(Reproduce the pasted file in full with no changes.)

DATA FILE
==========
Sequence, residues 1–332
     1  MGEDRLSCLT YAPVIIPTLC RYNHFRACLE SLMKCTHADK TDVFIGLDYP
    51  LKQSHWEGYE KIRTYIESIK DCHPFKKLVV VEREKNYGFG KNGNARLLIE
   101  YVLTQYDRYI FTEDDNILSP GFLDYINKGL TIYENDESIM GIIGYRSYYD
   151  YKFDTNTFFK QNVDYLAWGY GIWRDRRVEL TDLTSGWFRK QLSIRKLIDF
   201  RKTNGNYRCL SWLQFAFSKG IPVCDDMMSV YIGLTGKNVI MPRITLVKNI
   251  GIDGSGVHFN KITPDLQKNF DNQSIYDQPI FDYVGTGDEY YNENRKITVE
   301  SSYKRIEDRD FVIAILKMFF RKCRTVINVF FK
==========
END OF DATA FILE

Sequence, residues 1–332
     1  MGEDRLSCLT YAPVIIPTLC RYNHFRACLE SLMKCTHADK TDVFIGLDYP
    51  LKQSHWEGYE KIRTYIESIK DCHPFKKLVV VEREKNYGFG KNGNARLLIE
   101  YVLTQYDRYI FTEDDNILSP GFLDYINKGL TIYENDESIM GIIGYRSYYD
   151  YKFDTNTFFK QNVDYLAWGY GIWRDRRVEL TDLTSGWFRK QLSIRKLIDF
   201  RKTNGNYRCL SWLQFAFSKG IPVCDDMMSV YIGLTGKNVI MPRITLVKNI
   251  GIDGSGVHFN KITPDLQKNF DNQSIYDQPI FDYVGTGDEY YNENRKITVE
   301  SSYKRIEDRD FVIAILKMFF RKCRTVINVF FK